As always, thanks for continuing to support this site, I really do appreciate it. Onwards and upwards!

Thanks,
Dave
Owner and Editor of Motorsport Broadcasting


Contribute to the running costs of Motorsport Broadcasting by donating via PayPal

Sky Sports happy with “extraordinary” F1 relationship

Sky Sports are happy with their “extraordinary relationship” with Formula 1, in the face of suggestions that the relationship had ‘strained’ because of the recent launch of F1 TV.

The pay-TV broadcaster, who have been covering the sport since 2012, signed a deal at the start of 2016 to cover F1 on an exclusively live basis from 2019 through to 2024.

Since 2016, Liberty Media have bought Formula 1 from previous owners CVC and have made major hurdles in the digital space, including launching their own over-the-top service.

Liberty aims to make F1 TV available in as many territories as possible, however, Sky’s F1 deal (which pre-dates Liberty’s involvement in F1) currently prevents the premium tier from launching in the UK, a source of frustration for some UK fans.

For Liberty, this is an obstacle as it restricts the growth of F1 TV, given the historical popularity of the sport in the UK.

Speaking at the Black Book Motorsport Forum in London last month, Sky’s Head of Formula 1 Scott Young denied suggestions that the relationship between F1 and Sky had become ‘strained’ in recent times.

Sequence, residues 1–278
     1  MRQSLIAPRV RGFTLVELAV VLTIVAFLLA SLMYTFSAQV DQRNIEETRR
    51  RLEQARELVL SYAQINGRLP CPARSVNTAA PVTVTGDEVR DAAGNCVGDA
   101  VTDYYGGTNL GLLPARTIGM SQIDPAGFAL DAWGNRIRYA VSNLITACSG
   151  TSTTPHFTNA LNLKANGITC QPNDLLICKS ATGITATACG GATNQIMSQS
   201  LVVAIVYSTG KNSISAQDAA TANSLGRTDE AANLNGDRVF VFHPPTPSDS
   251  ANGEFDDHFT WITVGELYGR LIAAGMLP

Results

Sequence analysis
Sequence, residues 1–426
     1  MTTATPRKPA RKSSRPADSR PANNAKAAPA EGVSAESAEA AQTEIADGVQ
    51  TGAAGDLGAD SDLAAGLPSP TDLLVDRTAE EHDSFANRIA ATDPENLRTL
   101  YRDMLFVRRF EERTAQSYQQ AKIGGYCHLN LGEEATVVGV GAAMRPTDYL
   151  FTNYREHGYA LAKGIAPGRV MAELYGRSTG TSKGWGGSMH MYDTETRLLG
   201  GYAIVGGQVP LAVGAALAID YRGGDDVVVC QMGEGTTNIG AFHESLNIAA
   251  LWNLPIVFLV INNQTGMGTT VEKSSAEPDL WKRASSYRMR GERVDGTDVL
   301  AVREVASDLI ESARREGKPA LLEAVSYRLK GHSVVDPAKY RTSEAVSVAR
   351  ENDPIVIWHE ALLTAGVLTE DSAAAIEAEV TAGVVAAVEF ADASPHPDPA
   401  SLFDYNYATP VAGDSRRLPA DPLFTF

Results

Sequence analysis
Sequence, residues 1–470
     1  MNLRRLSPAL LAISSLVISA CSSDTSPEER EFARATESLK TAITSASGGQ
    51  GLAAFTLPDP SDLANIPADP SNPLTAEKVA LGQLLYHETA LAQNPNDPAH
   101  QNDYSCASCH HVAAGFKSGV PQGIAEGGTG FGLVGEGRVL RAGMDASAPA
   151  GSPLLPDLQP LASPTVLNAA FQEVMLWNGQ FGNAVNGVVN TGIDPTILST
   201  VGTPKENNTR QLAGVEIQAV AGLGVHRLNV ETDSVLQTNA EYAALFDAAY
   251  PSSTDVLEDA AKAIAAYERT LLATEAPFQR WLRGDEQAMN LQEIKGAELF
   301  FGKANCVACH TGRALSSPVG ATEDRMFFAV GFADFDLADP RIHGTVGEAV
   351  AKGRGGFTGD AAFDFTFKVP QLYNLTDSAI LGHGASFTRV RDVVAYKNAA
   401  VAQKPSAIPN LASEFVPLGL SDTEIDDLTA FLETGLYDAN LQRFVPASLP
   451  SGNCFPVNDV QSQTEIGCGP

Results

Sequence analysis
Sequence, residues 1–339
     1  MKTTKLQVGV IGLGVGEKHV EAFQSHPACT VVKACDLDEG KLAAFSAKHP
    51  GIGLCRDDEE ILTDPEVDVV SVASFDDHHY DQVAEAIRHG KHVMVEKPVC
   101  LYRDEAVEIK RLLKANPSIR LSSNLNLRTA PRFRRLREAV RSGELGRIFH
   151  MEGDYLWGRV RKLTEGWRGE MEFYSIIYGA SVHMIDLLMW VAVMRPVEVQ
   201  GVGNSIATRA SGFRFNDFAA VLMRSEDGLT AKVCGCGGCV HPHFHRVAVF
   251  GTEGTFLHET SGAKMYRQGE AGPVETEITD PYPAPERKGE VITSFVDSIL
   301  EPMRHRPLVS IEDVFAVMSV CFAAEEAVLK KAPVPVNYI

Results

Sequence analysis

“The relationship hasn’t improved because they have not strained,” Young said. “We have an extraordinary relationship with every aspect within Formula 1, including the 10 teams and the 20 drivers. And without that relationship we can’t create a narrative.”

> Insight: The over-the-top challenge facing motor sport

Young addressed how fans, past and future, are consuming sport, noting that this forms part of the conversation Sky are having with stakeholders across the sporting landscape.

“We have an ongoing relationship and dialogue with Formula One about that [the consumption of F1],” he added.

“We have the same challenge in every sport. Technology is making it easier for fans to pick up a device, jump onto many different platforms and experience sport in a particular way.”

“The challenge we’ve now got, and the art of doing it right, is how do you direct an audience that is your foundation base, and then direct an incoming audience that wants to consume it differently and wants to enjoy an entertaining product.”